(upbeat music) – Baking is my communication
tool with American people. I’m not so good speak English, but I can make a good dessert. So during the holiday, I’m always making a Japanese Christmas shortcake. – I’m Nico Tortorella. I’m an actor, an activist and a firm believer that our differences actually make us stronger. I’m on a journey with
IKEA to meet real people and discover the diverse
and spectacular ways they celebrate the holidays. Maybe you celebrate Christmas
with milk and cookies and a Christmas ham. Or maybe you celebrate it
with fried chicken and cake like Portland resident Mio Asaka. – My name is Mio Asaka. I’m a baker and owner
of Mio’s Delectables. – Mio runs a mini Japanese bakery right out of her own home and sells her goods at the
Portland Farmers’ Market. Mio has this real passion for baking and sharing the traditions
that she brought from Japan. Her specialty: the
Japanese Christmas cake. (angelic choir) Mmm. (playful music) We should probably go
get some strawberries for this cake, huh? – [Mio] Yeah, yeah. – Wow, hi. How are you? Mio’s Delectables isn’t
just a business for Mio. It’s a way for her to share her traditions and culture with other people and to really bring people together, especially during the holidays. (knocking on door) Hi! How are you? Good to see you. – Good to see you. Welcome. Come in. – I come bearing gifts.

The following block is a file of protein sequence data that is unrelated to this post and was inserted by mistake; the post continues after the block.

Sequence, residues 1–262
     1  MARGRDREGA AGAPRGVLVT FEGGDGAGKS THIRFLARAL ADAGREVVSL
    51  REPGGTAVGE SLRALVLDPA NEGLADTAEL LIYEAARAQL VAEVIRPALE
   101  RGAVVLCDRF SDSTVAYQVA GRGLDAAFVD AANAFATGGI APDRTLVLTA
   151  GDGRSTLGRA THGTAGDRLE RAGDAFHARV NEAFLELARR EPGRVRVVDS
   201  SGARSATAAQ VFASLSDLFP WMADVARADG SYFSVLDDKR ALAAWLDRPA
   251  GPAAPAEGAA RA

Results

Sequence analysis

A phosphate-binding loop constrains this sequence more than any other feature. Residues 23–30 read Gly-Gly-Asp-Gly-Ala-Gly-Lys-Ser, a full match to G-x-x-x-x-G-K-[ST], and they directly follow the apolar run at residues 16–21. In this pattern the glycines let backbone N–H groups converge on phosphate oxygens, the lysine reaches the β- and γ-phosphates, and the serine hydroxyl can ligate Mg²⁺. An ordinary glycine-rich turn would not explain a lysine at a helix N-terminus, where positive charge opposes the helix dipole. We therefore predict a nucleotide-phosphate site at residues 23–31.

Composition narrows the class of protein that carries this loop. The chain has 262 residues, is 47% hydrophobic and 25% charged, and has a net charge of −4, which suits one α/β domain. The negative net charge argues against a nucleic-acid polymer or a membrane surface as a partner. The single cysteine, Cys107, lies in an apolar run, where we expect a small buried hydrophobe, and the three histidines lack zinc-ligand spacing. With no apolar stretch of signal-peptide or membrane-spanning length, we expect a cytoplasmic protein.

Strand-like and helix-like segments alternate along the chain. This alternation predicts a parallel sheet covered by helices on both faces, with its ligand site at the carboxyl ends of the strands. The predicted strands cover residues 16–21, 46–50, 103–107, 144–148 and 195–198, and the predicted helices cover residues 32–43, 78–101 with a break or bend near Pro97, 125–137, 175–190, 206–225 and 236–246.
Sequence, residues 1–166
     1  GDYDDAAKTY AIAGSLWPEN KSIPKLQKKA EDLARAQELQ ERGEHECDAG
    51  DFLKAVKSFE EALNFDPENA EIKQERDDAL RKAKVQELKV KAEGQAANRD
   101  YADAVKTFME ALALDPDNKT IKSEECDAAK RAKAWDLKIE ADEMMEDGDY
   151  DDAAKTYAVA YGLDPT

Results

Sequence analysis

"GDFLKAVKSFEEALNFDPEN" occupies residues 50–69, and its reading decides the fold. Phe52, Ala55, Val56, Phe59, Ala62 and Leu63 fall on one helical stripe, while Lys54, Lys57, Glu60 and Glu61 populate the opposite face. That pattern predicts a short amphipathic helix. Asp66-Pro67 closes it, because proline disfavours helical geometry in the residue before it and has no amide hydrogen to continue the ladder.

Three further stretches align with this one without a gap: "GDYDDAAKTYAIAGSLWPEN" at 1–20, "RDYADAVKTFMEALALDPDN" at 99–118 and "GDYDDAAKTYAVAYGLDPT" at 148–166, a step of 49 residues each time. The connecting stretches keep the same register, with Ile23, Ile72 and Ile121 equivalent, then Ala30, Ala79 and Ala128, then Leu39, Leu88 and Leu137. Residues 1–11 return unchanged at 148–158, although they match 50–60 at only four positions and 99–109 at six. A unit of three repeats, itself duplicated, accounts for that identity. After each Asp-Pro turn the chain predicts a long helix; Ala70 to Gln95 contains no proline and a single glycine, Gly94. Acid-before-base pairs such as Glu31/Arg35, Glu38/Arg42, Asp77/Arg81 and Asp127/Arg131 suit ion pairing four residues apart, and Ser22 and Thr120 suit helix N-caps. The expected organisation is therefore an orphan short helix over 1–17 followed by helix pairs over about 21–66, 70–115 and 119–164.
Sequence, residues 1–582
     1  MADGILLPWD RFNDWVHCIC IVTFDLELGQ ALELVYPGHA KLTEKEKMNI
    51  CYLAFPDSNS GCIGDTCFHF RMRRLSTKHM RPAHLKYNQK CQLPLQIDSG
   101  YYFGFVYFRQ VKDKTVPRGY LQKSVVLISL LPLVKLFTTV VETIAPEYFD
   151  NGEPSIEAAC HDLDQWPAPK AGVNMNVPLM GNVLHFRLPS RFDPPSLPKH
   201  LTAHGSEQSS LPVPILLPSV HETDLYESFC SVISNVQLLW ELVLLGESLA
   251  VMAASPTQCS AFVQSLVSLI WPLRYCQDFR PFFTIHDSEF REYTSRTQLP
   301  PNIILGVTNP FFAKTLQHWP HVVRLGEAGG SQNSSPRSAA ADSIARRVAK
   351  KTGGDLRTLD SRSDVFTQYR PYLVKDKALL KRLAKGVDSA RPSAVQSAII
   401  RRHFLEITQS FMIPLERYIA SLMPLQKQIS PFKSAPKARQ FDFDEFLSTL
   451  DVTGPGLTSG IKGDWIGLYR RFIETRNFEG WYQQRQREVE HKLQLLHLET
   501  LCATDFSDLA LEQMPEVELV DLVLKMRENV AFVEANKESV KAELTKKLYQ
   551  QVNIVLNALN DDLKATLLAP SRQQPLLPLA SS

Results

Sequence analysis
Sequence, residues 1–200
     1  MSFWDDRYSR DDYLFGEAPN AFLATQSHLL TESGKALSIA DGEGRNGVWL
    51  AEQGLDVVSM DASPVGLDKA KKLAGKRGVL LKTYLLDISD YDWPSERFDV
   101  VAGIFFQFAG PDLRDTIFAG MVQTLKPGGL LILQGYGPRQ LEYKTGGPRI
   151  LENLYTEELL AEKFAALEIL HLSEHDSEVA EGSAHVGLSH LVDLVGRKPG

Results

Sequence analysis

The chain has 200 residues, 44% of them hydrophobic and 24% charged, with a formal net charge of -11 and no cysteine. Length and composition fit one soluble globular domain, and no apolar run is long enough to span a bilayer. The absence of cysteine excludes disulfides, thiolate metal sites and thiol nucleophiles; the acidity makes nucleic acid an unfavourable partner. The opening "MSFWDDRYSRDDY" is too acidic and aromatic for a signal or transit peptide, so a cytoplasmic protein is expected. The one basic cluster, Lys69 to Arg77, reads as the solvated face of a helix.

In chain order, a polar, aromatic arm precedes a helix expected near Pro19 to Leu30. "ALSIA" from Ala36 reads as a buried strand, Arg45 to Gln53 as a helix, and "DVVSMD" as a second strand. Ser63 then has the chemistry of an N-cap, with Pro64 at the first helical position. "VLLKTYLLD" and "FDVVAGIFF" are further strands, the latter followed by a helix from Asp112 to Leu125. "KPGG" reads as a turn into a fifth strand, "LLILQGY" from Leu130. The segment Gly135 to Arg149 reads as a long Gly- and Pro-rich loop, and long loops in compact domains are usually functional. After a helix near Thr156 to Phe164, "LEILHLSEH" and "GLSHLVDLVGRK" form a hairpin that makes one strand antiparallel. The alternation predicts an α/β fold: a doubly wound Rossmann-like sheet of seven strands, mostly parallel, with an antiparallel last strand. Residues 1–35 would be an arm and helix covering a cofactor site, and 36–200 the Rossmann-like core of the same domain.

– Oh, wow. My Christmas tree is like this size tree, but I always decoration. You have to enjoy that. – This is your son here? – [Mio] Yes.
– [Nico] Willie? – William.
– William. I admire Mio for being a single mother who works hard to create a warm, inviting and loving home for her family. Ta-da! Japanese Christmas is pretty unique. For a while, it was a really
romantic holiday in Japan, kind of like Valentine’s
Day in the United States. – [All] Romance. – Fried chicken is really popular. – [All] Karaage. – And dessert—Christmas cake, especially— is a focal point for Japanese Christmas. – [Mio] When I came to the
U.S., I didn’t know that this country not familiar
with Japanese style type of cake, so I explained this cake is a very soft and not too sweet. Now it is very popular. – This looks so beautiful. Japanese Christmas cake originated in post-World War II Japan. Middle-class citizens
finally had access to sugar and other ingredients that had once been considered exclusive. And from this, the tradition was born. All right, it’s time to eat. – [Mio] Japanese Christmas
is an important day. We eat a big dinner with our family. It’s very much like the U.S.,
but we eat sushi and karaage. – [Nico] Do you have any
traditions before a Christmas meal? – We say (speaking Japanese.) Bon appetit.
– Bon appetit. – (speaking Japanese) – (speaking Japanese) (gentle music) – Mio is pretty inspiring. She truly embodies the
tradition represented by something as simple as a cake. Japanese Christmas cake
is a symbol for prosperity and growth, qualities that Mio really brings to life every
time she bakes this cake for her friends and family. – (singing in Japanese) – There you have it, folks. Rudolph the red-nosed reindeer.